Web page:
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Warm Water


It's 9:30 in the evening and I haven't had a bite to eat. 

Because, you know, Christmas. 

Let me explain. Our family has a long-standing tradition of going on a family trip instead of giving Christmas presents. Since we live in Minnesota, the Land of 10,000 Lakes, we usually go north and splash around in some cool, clear water. 

Depending on how far north we go, it can be a little bit more than cool. 

A few years ago, Granddaughter One said, wistfully, “Just once I would like to swim in warm water.” 

I'm honestly not much of a beach person. I get a sunburn after five minutes, I don't swim that well, and I have way too many wrinkles where sand can accumulate. But because my world pretty much revolves around what One through Five want to do, I said, “I promise that before you graduate from high school, we'll find some warm water for you to swim in.” 

I didn't start researching right away, but for the last year or so, I’ve been aware the clock was ticking. This year I started checking water temperatures around the world and found many options. For instance, flights to Iceland are pretty cheap in the winter, and they do have a lot of heated springs. I thought that might fulfill the letter but perhaps not the spirit of the request. Since they'll be the ones picking out where I live in my declining years, I thought I should try to avoid causing ill will. 

I finally settled on the Dominican Republic. It's a place I'd never been, the flights are usually pretty cheap, and the water is warm. All I needed to do was find a six-bedroom house, on the beach, that I could afford.  

That was easier than I thought it would be, but fleshing out the rest of the plan was quite a bit of bother. Four families, with all the adults and some of the children gainfully employed, school, basketball turned into kind of a thing. Then, in early December, my father died. Between trying to manage the sadness, making arrangements, and figuring out how to get a far-flung clan home for a funeral, I thought I might never get a restful night's sleep again. In the end, the only time we could go AND afford it was between Christmas and New Years, and literally the only flight we could take was left at 6:01 a.m.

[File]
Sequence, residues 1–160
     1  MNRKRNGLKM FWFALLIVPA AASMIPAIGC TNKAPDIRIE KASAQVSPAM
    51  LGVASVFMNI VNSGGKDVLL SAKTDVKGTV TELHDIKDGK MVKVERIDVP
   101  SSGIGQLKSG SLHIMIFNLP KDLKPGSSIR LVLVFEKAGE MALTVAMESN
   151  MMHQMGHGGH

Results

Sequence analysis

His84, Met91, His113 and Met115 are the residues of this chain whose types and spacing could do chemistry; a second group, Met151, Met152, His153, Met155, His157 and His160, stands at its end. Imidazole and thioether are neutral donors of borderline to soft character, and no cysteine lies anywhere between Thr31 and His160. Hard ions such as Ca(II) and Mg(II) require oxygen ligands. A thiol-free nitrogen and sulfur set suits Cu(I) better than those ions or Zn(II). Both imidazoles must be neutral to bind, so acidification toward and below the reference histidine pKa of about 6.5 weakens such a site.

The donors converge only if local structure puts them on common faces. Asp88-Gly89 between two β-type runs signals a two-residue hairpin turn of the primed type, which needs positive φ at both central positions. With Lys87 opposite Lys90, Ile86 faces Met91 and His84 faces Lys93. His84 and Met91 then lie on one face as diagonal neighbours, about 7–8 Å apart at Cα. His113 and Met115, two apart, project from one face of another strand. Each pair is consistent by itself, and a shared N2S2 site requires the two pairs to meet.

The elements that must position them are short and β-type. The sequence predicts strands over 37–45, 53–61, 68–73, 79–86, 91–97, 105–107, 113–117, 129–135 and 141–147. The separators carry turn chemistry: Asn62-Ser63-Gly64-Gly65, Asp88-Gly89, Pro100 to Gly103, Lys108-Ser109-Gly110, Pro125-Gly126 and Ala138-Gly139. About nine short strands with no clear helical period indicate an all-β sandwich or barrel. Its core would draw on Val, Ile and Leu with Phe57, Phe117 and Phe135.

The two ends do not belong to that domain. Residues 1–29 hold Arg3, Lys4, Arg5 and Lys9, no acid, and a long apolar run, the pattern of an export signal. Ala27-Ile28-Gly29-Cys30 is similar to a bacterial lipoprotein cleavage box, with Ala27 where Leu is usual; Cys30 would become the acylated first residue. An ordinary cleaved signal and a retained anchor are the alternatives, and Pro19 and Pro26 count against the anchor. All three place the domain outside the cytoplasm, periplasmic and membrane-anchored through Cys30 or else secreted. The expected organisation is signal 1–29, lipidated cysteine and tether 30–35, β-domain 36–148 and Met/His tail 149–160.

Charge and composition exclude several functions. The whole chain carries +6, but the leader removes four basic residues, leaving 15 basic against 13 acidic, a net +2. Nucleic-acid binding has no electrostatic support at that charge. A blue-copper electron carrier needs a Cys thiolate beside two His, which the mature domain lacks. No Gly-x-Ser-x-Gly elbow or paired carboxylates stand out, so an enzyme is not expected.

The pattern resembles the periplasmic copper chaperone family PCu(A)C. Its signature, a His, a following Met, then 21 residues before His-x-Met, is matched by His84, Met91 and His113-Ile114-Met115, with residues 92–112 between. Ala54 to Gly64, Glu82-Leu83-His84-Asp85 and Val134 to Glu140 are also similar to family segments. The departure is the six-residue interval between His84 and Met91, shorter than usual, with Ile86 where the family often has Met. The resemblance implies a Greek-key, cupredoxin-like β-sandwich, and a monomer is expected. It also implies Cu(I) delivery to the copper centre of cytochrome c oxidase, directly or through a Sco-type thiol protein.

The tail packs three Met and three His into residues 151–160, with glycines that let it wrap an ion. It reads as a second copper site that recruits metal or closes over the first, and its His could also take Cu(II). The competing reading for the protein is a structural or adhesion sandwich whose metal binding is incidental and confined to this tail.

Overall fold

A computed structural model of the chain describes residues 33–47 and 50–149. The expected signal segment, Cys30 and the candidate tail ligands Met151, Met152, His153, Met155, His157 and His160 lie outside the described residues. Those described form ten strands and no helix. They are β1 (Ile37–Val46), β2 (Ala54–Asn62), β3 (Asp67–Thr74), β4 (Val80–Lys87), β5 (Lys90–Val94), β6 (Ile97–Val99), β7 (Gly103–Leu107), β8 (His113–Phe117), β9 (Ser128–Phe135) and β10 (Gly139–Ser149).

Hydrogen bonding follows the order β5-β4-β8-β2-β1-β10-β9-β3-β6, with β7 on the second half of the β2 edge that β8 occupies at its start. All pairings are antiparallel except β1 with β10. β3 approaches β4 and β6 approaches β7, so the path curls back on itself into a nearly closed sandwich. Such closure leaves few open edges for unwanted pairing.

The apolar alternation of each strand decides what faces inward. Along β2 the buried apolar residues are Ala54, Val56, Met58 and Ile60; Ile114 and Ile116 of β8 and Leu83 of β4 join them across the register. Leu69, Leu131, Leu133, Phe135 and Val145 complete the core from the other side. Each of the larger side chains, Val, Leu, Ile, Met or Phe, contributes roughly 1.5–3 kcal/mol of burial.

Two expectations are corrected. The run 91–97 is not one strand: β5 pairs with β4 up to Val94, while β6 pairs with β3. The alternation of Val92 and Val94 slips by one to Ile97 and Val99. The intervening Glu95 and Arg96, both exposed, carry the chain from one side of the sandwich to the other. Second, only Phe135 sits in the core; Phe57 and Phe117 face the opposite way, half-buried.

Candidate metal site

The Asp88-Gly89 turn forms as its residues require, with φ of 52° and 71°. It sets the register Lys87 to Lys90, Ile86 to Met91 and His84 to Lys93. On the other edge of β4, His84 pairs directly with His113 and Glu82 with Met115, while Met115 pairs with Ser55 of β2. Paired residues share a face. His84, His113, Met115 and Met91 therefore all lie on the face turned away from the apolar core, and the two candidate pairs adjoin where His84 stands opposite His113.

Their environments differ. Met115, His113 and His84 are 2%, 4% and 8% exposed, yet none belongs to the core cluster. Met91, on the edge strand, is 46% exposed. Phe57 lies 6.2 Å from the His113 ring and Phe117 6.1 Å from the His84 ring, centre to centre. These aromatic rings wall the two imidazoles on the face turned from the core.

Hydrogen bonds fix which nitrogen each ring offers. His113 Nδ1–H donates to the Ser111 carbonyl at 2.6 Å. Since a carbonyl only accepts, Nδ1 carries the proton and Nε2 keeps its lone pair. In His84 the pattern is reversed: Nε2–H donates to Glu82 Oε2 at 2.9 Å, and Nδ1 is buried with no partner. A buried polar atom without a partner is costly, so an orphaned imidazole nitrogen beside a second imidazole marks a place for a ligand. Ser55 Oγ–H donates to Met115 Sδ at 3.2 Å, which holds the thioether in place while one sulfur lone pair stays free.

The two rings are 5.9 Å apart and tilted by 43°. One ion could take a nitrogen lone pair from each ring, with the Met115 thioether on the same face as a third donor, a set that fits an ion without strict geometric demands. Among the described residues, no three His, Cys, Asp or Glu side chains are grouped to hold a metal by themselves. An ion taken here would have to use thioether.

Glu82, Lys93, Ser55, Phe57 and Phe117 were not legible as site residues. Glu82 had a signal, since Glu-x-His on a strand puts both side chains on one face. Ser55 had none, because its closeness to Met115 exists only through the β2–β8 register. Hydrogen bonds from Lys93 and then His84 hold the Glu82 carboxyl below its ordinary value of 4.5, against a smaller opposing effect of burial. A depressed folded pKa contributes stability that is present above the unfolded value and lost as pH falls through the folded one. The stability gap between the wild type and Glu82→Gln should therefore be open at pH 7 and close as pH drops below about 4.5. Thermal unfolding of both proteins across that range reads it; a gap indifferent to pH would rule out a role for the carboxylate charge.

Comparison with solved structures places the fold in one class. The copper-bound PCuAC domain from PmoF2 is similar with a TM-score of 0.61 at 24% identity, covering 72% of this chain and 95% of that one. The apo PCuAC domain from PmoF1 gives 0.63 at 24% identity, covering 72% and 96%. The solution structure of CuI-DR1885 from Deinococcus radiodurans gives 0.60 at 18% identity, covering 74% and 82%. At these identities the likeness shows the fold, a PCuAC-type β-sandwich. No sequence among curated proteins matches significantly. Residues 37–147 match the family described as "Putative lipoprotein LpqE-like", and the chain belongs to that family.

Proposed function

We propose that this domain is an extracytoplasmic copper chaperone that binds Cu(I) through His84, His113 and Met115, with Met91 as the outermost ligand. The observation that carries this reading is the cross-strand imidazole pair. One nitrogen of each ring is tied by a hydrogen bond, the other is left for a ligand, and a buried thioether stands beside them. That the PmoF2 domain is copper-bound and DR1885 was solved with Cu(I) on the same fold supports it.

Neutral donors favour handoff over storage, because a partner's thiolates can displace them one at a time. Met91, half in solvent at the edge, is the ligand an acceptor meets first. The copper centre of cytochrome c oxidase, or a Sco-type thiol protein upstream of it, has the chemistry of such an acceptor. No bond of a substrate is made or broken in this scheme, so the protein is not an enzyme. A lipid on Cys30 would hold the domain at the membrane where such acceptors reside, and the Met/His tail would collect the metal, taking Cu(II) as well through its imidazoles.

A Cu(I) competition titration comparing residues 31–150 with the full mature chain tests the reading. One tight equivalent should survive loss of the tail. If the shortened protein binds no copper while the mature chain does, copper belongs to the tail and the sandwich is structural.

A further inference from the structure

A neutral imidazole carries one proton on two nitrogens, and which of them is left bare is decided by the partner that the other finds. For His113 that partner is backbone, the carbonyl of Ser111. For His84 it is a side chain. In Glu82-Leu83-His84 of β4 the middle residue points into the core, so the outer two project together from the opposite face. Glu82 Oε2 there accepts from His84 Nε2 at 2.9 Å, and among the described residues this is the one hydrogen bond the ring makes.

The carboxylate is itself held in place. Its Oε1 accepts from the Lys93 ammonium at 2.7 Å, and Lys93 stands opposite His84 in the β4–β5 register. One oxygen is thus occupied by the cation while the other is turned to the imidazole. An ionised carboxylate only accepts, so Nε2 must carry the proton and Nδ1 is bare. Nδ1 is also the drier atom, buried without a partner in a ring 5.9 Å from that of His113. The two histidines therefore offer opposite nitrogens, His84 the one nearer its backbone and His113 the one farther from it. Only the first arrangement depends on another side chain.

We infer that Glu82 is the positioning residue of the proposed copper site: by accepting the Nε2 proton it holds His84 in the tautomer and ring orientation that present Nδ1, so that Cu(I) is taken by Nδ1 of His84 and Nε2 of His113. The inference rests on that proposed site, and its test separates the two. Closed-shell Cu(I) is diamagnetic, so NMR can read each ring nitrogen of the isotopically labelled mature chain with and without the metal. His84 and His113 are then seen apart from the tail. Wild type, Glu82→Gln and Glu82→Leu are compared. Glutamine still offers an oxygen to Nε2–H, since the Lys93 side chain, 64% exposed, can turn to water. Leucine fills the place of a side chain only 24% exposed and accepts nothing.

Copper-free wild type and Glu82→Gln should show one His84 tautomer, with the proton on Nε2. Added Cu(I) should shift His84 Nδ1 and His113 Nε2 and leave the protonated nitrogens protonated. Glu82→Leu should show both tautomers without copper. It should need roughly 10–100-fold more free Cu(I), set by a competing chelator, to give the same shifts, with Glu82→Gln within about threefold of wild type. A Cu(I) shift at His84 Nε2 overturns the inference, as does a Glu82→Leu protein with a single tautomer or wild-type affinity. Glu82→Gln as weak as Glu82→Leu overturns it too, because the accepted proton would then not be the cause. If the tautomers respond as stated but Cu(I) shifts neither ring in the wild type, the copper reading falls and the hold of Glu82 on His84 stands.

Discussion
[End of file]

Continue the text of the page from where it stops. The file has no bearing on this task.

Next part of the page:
On Christmas Day.  

Oh, well. A deal’s a deal. 

Christmas morning, I got out of the elevator at 2:55 a.m., ready to take the 3:00 a.m. airport shuttle and saw my entire family, bright eyed and bushy tailed, ready to go. 

My people may have some flaws, but by God, we can all tell time. 

It's funny how at 4:00 Christmas morning there are very few airport restaurants open. As in, none.  

We did get two crackers on each leg of our flight, along with some ginger ale. Filling, but not exactly our traditional Christmas dinner. 

So, Minneapolis to Miami, Miami to Santiago de los Caballeros, an hour and a half drive through the mountains and we were at our rental house in time for the kids to take a quick splash in the ocean before dark. 

One phone call and a nice young man brought us three pizzas and a dozen Cokes on his motorcycle and the whole place very quickly settled down to sleep.  

I guess I can't prove that. I know I settled down to sleep pretty early and got in a solid ten hours. 

This trip was very much a learning curve for me. When my wife and I travel, we go to museums, take long walks, and sit in cafes people-watching. For some reason, the teenagers didn't see these activities as fascinating. Instead, horseback riding, deep sea fishing, surfing lessons and much, much, much wave splashing took center stage.  

But on the other hand there were hours of watching the surf crash onto an endless empty beach under a full moon, children laughing hysterically at their grandmother and I getting tumbled head over heels by breaking waves, Number Five, in a burst of sweet generosity, giving away his Twins cap to a tiny horse wrangler, and Number Three tipping a Haitian waiter all of his spending money. 

It’s too soon to tell if everyone is having a great time or not, but my grandchildren know I keep my promises. 

And that's not nothing. 

Copyright 2024 Brent Olson 

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